Raising booze age to 21 leaves a bad taste
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Pretoria - The government would be wasting time by trying to imitate countries such as the United States in raising the legal drinking age to 21, stakeholders and other concerned parties have said.
And one of the parties to react to the proposal is the Free Market Foundation (FMF), which claims its research suggested “raising the drinking age is condescending and tyrannical”.
The foundation said it would not work and South Africans should resist this and other programmes by the government to take freedom away from the people and vest itself with paternalistic powers.
The Department of Trade and Industry is spearheading the National Liquor Amendment Bill.
The bill proposes prohibiting the supply of liquor or methylated spirits to persons under the age of 21 - raising it from 18.
Trade and Industry Minister Rob Davies said the brain did not fully develop until the mid-twenties, and as such the impact on the brain by alcohol abuse was much more severe than it is on the fully developed brain.
The government said alcohol abuse was increasing in South Africa, with 5 billion litres of alcohol consumed a year. On average, South Africans consumed between 10 and 12.4 litres of alcohol a person a year. The global average was 6.2 litres.
Legal Researcher at FMF Martin van Staden said people the government deemed mature enough to vote, marry freely, choose careers, drive cars, and enter into contracts would no longer be allowed to drink with friends or at a meal or even at their own weddings if this bill was adopted.
“Individuals currently between 18 and 21 who consume alcohol will be criminalised. But, as is the case almost universally, this new law will be ignored, becoming a needless leech on the taxpaying wallet of South Africa,” he said.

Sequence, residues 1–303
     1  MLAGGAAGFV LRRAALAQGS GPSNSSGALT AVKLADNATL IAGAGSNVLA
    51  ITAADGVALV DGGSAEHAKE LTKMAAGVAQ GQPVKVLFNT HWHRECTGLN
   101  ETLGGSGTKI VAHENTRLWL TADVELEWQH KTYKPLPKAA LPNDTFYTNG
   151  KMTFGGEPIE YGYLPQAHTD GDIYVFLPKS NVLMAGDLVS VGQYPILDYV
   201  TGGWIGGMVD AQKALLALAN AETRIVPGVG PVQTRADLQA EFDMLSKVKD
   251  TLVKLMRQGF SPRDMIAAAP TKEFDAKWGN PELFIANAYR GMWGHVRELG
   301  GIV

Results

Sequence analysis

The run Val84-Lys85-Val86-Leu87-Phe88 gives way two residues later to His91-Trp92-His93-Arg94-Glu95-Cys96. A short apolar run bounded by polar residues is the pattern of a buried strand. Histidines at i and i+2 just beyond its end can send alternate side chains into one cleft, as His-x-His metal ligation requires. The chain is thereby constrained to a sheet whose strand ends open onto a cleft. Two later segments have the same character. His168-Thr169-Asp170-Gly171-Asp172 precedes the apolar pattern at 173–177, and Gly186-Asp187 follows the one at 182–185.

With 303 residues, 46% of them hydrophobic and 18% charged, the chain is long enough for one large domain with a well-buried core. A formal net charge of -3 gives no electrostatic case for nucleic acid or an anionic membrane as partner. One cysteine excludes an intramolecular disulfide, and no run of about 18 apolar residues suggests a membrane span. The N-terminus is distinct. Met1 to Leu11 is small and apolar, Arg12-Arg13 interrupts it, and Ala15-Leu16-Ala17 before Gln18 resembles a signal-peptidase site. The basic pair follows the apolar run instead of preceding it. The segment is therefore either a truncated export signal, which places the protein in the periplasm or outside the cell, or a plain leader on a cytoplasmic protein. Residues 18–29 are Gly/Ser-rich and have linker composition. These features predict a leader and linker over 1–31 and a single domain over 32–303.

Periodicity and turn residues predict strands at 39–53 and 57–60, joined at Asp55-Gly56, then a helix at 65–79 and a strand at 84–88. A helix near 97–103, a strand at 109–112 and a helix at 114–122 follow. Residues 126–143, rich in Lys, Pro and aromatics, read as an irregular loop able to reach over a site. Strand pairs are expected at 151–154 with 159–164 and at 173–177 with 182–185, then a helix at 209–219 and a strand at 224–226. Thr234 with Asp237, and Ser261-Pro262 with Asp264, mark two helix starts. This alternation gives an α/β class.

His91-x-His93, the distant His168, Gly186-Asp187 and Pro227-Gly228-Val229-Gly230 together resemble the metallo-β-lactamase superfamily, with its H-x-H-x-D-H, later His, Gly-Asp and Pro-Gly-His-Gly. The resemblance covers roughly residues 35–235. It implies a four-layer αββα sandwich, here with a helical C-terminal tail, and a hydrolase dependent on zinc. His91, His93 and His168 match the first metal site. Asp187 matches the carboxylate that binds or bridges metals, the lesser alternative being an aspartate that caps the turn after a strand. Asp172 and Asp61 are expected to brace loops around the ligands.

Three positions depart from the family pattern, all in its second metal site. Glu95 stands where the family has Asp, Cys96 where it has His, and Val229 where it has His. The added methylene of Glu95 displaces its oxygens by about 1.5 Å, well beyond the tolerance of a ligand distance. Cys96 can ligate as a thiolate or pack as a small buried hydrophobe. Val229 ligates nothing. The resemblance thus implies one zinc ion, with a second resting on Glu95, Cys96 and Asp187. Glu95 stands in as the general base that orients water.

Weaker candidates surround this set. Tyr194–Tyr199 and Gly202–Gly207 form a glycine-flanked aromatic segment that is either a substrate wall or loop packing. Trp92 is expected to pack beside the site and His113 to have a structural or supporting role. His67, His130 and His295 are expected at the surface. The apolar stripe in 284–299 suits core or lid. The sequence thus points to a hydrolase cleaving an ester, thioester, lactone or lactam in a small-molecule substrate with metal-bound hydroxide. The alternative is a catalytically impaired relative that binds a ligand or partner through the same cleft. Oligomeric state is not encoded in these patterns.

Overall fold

He said that under 18s were drinking illegally now, and widely so. The difference between them and those over 18 was that they drank in secret, where their parents and other responsible adults were not present.
By raising the drinking age even more, people under 21 would continue to drink, but in uncontrolled environments.
This, Van Staden said, would expose them to the same dangers underage drinkers were exposed to.
The popular feeling was that prohibitionists enjoyed linking crime rates with heavy drinking, and, with South Africa’s violent crime problem, especially among youths, it would apparently be prudent to raise the drinking age.
The average rate for heavy drinking among drinkers in the most peaceful countries was 25.76%, ranging from a high of 52.4% in Austria to a low of 5.6% in New Zealand. South Africa, in comparison, has a rate of 25.6%.
The Concerned Tshwane Liquor Traders Association seconded the bill, with chairperson Oupa Mthombeni urging tavern owners to try by all means to abide by the law.
He said young people still needed to be developed psychologically and mentally, and alcohol did not allow that to occur. He said tavern owners, like himself, should not only have profit in mind but the community at heart.
The chairperson of Soshanguve youth movement Unleashing The Potential, Gift Mkhabelane, also agreed with the bill.
He argued that most people in matric were 18 years old and said it was contradictory when they were always told to study hard and stay away from alcohol. “It is contradictory to advise young people to study, yet give them the leeway to drink intoxicating beverages.”
Mothers Against Drunk Driving said: “Research indicates that when the minimum legal drinking age is 21, people under 21 drink less overall and continue to do so through their early 20s.
“When the drinking age has been lowered, injury and death rates significantly increased.”